Newly discovered wasp species, with dead ants in walls of its nest


A typical nest of the bone-house wasp D. ossarium containing four brood cells with a pupae each. Photo credit: Merten Ehmig

From LiveScience:

Newfound Wasp Literally Has Skeletons in Its Closet

By Megan Gannon, News Editor | July 02, 2014 02:58pm ET

A newly discovered wasp has been keeping a gruesome secret: It stuffs ant corpses into the walls of its home.

As far as scientists know, the behavior is unique in the animal kingdom. The new creature has been named Deuteragenia ossarium, or the “bone-house wasp,” after the historical ossuaries piled high with human skeletons found in monasteries or graveyards.

“It was a totally unexpected discovery,” said Michael Staab, a researcher at the University of Freiburg in Germany. [Zombie Animals: 5 Real-Life Cases of Body-Snatching]

Skeletons in the closet

Staab had been studying the homemaking habits of cavity-nesting wasps in eastern China, and he and his colleagues had set up trap nests in the Gutianshan National Nature Reserve, a subtropical evergreen forest in the Yangtze River Basin that’s home to steep cliffs and animals like clouded leopards and Asian black bears.

Cavity-nesting wasps may live in self-made holes or pre-existing tunnels in plants or pieces of wood. These cavities typically contain several brood cells — the wasp equivalent of a single hexagon in a beeswax comb — which are separated by thin walls made of bits of plant, resin or soil. Scientists have even found bits of insects in the mix.

But when Staab’s team collected the trap nests, they found something unusual: In 73 of the nests, the researchers discovered an outer cell packed with the whole bodies of dead ants. The species behind the corpse houses was a spider-hunting wasp previously unknown to science. The findings were detailed today (July 2) in the open-access journal PLOS ONE.

A smelly shield

Staab said he was puzzled by the discovery until he considered the location of the carcass-filled cells. The dead ants were always found in an outer vestibular cell, a chamber built by a female wasp to close the nest after she lays eggs.

Wasp architects may favor dead ants as a building material because of the way their carcasses smell, Staab and his team suspect. Scents on the ants’ bodies, even in death, might offer camouflage or protection from predators — a red flag to stay away — as many ants are fierce defenders of their nests, the researchers wrote. The ant most commonly found in walls of wasp homes was Pachycondyla astuta, an aggressive ant species with a mean sting that’s abundant in the region.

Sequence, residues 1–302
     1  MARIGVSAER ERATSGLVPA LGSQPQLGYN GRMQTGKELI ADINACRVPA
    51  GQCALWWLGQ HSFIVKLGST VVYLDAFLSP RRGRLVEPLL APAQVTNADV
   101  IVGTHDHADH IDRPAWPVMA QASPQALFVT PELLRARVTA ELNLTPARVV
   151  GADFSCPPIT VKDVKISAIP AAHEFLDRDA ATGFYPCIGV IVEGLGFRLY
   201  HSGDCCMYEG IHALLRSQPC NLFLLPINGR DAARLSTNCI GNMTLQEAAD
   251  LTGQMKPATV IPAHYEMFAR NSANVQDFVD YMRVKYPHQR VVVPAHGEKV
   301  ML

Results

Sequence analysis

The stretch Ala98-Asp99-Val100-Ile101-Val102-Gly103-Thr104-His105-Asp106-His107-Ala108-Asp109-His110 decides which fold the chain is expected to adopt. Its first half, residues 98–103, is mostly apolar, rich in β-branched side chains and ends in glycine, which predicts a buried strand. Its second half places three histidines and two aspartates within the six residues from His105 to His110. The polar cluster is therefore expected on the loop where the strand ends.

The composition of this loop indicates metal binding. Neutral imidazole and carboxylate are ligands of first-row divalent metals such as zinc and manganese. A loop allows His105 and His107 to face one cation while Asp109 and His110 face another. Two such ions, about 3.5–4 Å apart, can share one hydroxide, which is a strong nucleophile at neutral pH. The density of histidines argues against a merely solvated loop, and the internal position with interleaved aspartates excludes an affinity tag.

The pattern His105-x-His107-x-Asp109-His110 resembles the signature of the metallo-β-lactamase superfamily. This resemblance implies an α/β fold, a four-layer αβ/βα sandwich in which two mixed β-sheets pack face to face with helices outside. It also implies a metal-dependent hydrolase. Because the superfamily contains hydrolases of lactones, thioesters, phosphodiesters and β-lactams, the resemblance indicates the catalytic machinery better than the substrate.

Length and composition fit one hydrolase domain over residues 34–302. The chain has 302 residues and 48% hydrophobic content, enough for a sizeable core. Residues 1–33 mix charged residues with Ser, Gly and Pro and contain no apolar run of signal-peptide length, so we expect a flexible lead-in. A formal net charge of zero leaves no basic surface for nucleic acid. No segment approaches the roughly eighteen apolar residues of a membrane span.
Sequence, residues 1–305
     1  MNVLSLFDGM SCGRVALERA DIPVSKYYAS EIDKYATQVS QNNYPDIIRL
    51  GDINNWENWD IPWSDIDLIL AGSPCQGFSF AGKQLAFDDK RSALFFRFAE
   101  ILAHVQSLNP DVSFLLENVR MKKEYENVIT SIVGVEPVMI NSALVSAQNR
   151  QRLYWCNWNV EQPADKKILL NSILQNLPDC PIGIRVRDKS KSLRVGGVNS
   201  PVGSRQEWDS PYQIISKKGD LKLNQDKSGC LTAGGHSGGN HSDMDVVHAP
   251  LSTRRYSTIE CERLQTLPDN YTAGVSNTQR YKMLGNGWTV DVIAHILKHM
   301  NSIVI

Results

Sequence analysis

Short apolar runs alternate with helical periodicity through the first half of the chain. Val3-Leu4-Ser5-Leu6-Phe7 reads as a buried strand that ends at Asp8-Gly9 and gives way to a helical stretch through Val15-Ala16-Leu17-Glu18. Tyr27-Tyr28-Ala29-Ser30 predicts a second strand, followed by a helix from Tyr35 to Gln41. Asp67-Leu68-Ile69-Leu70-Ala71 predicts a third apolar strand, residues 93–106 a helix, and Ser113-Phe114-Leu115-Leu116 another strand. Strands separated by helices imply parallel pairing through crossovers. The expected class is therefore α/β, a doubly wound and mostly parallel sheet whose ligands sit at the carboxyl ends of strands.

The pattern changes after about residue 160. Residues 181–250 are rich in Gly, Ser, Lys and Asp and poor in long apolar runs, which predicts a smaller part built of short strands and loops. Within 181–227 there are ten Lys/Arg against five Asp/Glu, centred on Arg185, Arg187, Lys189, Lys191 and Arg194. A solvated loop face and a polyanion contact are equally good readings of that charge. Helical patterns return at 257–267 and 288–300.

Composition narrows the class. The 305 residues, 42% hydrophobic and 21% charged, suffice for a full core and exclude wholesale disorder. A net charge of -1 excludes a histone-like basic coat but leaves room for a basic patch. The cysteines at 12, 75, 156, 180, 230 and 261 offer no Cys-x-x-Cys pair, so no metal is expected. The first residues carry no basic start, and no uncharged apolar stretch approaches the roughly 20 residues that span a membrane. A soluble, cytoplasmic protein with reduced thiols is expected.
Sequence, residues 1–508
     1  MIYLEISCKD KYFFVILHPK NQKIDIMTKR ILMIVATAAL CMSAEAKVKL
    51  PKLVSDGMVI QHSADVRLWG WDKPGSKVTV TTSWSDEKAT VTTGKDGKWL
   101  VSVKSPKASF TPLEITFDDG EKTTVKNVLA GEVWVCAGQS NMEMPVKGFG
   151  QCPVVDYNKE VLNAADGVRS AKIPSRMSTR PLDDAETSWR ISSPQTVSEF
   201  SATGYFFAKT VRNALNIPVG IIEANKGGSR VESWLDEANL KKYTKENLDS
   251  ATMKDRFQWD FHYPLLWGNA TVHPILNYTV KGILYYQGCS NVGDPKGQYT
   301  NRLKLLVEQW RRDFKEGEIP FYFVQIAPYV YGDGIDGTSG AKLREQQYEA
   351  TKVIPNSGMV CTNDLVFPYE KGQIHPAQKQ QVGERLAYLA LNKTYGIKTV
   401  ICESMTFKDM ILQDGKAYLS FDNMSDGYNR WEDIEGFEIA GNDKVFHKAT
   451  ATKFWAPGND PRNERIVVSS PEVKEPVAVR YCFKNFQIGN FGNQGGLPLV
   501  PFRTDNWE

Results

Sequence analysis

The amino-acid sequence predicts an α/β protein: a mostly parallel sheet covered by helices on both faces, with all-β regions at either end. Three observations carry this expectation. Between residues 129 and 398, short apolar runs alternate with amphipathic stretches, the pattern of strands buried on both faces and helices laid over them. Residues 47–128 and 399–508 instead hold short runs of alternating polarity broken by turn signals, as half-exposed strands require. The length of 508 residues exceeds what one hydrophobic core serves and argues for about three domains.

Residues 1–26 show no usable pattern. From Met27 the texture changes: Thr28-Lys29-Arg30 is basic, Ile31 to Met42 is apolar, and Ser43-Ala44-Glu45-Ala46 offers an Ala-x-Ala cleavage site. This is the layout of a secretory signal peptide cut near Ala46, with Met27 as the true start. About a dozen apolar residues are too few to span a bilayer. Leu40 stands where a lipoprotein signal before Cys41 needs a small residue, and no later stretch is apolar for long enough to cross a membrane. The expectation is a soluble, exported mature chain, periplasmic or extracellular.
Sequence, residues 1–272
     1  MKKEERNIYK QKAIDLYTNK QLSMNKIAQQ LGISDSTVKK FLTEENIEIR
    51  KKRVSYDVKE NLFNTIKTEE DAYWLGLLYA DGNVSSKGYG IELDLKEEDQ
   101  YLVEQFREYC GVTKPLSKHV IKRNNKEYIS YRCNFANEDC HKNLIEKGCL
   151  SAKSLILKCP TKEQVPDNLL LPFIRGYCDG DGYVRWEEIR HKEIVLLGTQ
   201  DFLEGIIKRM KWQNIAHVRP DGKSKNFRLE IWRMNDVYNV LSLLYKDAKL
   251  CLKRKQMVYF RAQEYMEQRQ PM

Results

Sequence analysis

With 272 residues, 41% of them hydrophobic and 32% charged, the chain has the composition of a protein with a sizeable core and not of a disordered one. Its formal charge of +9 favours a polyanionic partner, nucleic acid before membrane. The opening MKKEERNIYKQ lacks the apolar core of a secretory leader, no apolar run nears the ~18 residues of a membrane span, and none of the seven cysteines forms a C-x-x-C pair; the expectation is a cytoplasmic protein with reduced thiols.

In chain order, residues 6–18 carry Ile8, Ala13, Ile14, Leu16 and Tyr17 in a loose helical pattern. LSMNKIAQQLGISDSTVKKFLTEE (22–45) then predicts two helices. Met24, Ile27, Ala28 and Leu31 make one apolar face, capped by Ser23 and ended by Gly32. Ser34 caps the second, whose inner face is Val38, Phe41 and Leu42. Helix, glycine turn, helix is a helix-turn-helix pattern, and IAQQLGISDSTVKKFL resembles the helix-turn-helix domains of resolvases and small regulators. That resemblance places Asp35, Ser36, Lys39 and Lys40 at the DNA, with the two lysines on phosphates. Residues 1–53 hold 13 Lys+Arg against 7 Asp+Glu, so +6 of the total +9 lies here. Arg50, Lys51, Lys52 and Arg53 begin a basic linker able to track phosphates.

Because the brood cells are where the wasps’ larvae live, this strategy may help ensure the survival of their young.

Staab said he and his colleagues never directly observed the wasps building one of their bone houses, nor did they see the wasps kill ants to turn them into “bricks.”

“However, due to the very good condition of all ant specimens in the ant chambers, we assume that the wasp must actively hunt the ants and not collect dead ants from the refuse piles of ant colonies,” Staab told Live Science in an email.

Other wasps — especially parasitic ones — resort to similarly grisly measures to protect their offspring. The parasitic wasp Dinocampus coccinellae, for example, hijacks ladybug bodies, turning its victims into zombie slaves that keep predators away from its larvae. And elsewhere in the animal world, other creatures — even snakes — have taken advantage of the bad reputation of ants to survive. A 2009 study in the journal Insectes Sociaux described how banded cat-eyed snakes lay their eggs in the fungus-filled chambers of aggressive leaf-cutter ants to keep their reptilian babies safe before they hatch.

Follow Megan Gannon on Twitter and Google+. Follow us @livescienceFacebookGoogle+. Original article on Live Science.

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2 thoughts on “Newly discovered wasp species, with dead ants in walls of its nest

  1. Pingback: Newly discovered wasp species, with dead ants in walls of its nest | Gaia Gazette

  2. Pingback: Sisterhood of the World Bloggers Award, thanks Afsheen! | Dear Kitty. Some blog

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